Nowadays if we are in a situation where they have separate rooms (on vacation or at Grandma’s house), I find that I highly dislike going back and forth between the two rooms and crying children. One room for the win!

They sleep through each other’s nighttime antics, which are somewhat rare but do happen. Both our kids cry out here and there at night. On the odd night our daughter will have had a nightmare and need some tending to. I used to be really afraid that her cries would wake our son, but they don’t! Like not even a little. Can I get an amen?!

Mornings can be hit or miss. Although they both can sleep through noises during the actual night, once the morning hour has arrived, they become lighter sleepers. It’s like they want any reason to wake up. That said, they still wake up at a decent hour (usually 6:30am-6:45am), and we do not get the kids from their room until we are good and ready (usually 7am or later). How the HECK do we manage that?!

My friend, let me introduce you to the door monkey. You can read my whole previous post where I speak to its glory, or I can summarize here: it is a slide-on-and-off contraption that holds the door in place, slightly ajar. It can be used in a number of ways but we use it so that the kids and we can hear each other while they are safely kept in their room. I mean: no kids coming to our room in the middle of the night, no kids coming to our room as soon as they are awake. By some miracle, they have learned to talk and to play until we tell them it’s “morning time”, and it’s fabulous.

Door monkey aside, sometimes we even have magic mornings where both kids sleep in, or the where one wakes up and the other sleeps right on through until some amazing time. So it can happen! They don’t always wake each other up at the butt crack of dawn!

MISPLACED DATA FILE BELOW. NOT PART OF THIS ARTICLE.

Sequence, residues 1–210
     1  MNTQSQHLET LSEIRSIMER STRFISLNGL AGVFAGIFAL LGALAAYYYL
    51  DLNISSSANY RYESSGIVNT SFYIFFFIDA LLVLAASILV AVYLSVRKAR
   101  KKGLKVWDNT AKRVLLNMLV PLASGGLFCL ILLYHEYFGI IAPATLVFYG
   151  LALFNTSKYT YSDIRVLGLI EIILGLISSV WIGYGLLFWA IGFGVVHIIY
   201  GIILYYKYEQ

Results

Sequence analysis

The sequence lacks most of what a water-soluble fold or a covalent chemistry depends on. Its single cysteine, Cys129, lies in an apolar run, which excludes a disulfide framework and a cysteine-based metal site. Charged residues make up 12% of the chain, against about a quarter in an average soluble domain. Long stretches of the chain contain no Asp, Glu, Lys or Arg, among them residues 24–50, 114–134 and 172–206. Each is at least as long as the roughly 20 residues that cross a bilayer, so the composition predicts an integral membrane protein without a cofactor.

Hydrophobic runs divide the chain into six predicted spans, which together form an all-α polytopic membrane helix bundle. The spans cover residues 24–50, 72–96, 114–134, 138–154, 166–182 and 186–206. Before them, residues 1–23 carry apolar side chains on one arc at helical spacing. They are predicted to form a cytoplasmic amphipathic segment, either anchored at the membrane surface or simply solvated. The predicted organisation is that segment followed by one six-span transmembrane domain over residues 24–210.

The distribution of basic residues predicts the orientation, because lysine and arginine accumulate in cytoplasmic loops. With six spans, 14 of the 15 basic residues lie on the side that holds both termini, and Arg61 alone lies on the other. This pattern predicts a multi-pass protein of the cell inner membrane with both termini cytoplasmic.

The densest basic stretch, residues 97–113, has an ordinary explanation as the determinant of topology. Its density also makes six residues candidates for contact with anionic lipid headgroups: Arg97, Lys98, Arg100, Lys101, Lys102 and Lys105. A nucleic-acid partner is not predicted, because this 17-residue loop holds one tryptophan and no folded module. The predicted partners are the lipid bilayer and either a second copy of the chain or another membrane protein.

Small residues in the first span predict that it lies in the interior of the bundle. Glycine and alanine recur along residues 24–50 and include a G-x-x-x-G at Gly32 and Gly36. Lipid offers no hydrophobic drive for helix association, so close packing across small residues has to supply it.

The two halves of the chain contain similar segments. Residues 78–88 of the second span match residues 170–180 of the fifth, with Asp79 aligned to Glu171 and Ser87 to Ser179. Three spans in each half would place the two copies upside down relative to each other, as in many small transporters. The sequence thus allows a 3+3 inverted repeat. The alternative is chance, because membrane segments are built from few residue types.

The noise machine has been, and still is, a big asset. We use it every night and every nap, if not just to buffer sounds, to signal sleepy time. Pavlov’s dogs, ya know? We take a travel one with us wherever we go (you can see my post on surviving international travel with children) and we use the one at home religiously. 

It went way smoother than I would’ve thought. Kids are resilient. They’re adaptable. And they need sleep. … And they’ve done both!

It’s gone really well overall, and I am so happy we made the move. You will be too!

If you have any other specific concerns or fears, let me know! We can work through them together.

If you’ve put your kiddos in the same room, share below! Tell us what has been helpful, what worked, or what just did not go to plan! 

Christina Furnival

Christina is a mom to two wild and wonderful kiddos, a licensed psychotherapist (LPCC), the founder of her website and therapeutic motherhood blog Real Life Mama, and a children's book author of a social/emotional wellbeing series, Capable Kiddos! She and her Scottish husband are raising their family in San Diego, where they love to hike, play soccer, cook, walk around the lake, and go to the beach.